[INCORE Information] Invitation to INCORE Public Lecture

INCORE - Information Only incore-info at incore.ulst.ac.uk
Wed Mar 2 14:31:09 GMT 2011


Professor Brandon Hamber
Director of INCORE
invites you to an 
 
INCORE PUBLIC LECTURE
 
by
 
Professor Sabine Marschall
University of Kwa-Zulu Natal, South Africa
 
on
 
³Commemoration and Conflict: Exploring Collective Memory in Transitional
Societies²
 
On Thursday, 24 March 2011 at 6.00 p.m.
In the Great Hall, Magee campus
Followed by refreshments
 
RSVP (acceptance only) to je.farren at ulster.ac.uk; tel. 028 71675575
By 11 March 2011

 
 
³Commemoration and Conflict: Exploring Collective Memory in Transitional
Societies²
 
Memory and commemoration are integral components of conflict and it is
widely believed that processes of memorialisation can make important
contributions towards healing, reconciliation, peace and unity in
post-conflict societies. Not only has little research been conducted on how
individuals interpret memory sites and commemorative practices and what
impact they have in transitional societies, but prevailing discourses on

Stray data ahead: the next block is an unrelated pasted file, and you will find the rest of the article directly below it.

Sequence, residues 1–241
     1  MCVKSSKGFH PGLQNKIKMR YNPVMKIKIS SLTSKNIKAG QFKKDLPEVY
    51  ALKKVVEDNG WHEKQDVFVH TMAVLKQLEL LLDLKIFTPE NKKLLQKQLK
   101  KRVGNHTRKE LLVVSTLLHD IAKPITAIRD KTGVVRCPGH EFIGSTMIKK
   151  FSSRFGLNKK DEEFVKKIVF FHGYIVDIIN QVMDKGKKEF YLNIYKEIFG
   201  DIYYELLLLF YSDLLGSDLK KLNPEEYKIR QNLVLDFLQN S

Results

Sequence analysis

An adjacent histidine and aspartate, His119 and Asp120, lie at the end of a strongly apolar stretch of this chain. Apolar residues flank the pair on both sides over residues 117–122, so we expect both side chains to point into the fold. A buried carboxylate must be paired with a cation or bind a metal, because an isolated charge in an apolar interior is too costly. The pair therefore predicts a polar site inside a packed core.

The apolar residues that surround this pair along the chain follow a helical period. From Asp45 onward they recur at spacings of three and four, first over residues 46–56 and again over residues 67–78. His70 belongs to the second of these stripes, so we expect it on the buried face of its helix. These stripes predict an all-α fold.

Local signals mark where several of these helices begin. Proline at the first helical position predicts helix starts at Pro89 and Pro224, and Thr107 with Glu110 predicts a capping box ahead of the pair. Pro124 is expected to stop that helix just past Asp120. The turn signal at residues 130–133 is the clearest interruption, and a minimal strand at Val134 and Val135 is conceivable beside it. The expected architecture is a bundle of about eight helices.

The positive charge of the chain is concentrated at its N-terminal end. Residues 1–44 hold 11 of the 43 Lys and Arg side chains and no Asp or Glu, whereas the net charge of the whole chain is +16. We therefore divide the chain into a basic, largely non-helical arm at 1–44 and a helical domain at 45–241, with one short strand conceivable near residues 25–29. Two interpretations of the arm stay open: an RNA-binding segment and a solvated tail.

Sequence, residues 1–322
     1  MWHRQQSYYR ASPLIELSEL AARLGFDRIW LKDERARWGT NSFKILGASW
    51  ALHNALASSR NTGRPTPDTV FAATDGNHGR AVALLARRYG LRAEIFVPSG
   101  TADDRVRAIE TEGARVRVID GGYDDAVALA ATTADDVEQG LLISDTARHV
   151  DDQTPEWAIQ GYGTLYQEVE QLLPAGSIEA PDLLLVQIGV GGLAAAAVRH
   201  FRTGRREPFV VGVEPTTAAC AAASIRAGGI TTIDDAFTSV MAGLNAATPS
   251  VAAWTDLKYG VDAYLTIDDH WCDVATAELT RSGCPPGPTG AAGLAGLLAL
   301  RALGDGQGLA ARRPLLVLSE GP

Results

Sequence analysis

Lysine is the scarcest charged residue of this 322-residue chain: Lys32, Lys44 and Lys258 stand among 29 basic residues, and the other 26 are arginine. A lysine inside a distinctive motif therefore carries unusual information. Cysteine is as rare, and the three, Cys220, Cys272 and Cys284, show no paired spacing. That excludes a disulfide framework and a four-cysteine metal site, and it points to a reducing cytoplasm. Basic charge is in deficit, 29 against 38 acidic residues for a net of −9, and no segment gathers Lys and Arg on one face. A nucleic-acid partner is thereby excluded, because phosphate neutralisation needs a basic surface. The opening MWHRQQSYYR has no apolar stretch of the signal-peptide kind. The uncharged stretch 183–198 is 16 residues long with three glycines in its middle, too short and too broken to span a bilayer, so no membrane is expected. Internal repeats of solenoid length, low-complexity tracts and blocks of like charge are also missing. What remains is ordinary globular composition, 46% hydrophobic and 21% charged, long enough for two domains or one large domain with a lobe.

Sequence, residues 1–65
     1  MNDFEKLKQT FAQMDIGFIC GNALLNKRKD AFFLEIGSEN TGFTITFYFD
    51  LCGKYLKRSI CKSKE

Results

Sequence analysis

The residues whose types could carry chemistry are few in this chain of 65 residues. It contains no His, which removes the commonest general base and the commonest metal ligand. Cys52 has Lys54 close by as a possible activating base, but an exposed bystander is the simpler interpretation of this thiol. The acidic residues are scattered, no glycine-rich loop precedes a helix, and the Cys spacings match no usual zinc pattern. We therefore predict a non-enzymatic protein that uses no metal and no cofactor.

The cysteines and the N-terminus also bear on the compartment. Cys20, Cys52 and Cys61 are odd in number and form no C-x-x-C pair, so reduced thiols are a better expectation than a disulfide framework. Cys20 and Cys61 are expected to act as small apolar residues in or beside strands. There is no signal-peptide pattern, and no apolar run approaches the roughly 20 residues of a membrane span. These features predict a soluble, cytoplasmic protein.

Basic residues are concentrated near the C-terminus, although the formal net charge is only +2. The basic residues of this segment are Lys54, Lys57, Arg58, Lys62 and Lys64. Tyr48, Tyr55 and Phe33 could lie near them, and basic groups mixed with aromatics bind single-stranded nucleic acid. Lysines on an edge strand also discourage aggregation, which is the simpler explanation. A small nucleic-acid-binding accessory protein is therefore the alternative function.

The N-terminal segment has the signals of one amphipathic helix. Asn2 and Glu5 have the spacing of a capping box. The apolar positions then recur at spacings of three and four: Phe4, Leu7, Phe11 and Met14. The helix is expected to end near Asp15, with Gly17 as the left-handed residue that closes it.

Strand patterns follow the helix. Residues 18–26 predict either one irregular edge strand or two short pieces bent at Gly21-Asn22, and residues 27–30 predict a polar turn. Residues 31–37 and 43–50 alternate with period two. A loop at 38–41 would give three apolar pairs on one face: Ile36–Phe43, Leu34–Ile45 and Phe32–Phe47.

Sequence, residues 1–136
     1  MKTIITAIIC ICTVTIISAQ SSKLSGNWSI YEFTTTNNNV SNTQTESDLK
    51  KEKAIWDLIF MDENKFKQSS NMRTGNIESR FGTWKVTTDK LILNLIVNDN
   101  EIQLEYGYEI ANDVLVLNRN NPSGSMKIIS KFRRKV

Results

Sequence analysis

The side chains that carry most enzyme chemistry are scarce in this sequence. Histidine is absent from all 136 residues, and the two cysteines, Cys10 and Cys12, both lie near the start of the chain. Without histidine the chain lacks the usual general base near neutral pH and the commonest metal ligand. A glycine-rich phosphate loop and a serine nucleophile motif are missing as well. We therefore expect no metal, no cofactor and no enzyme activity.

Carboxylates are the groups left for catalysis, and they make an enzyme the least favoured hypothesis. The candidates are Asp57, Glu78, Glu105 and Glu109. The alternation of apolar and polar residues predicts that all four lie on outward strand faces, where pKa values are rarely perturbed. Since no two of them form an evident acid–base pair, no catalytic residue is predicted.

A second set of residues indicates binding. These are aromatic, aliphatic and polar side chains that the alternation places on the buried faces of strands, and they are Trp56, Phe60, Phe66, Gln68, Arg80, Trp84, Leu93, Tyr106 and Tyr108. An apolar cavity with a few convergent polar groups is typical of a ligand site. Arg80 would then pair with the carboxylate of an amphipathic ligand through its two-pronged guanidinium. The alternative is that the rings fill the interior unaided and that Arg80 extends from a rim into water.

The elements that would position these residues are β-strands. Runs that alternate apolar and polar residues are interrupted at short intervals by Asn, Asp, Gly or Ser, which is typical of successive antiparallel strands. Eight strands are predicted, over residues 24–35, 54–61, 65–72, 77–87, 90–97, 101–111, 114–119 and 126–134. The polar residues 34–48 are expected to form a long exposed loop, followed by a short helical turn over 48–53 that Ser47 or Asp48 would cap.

commemoration are often based on the assumption that commemoration always
involves deliberate and intentional actions. Based on Kansteiner¹s (2002)
contention that collective memory is the result of the interaction between
three overlapping elements, namely the media of memory, the makers and the
users of memory, this paper presents commemoration as a complex,
multifaceted, and fluid phenomenon, which includes informal, unpredictable
and unintended dimensions. Referencing examples from South Africa and a
number of international case studies, four categories of collective
remembrance are distinguished, namely officially sanctioned commemoration;
unofficial or vernacular commemoration; unintended or silent commemoration;
and lastly, commemoration through absence. It is argued that commemoration,
like memory itself, cannot always be controlled, hence limiting the scope of
action for those who want to encourage or discourage commemoration for the
sake of peace and reconciliation. However, important lessons may be learnt
from reflecting on the complexity and comprehensiveness of the commemorative
phenomenon and the often overlapping groups of users and makers of
collective memory in a context of globalization.
 

This lecture is part of a series of INCORE events being organised by Dr Sara
McDowell and Professor Brian Graham as part of their ESRC funded project
which explores the relationship between memory and peace processes.
 
 
 
Janet Farren
INCORE
University of Ulster
 
Tel. 028-71675575
Fax. 028-71675510
Email. je.farren at ulster.ac.uk
 


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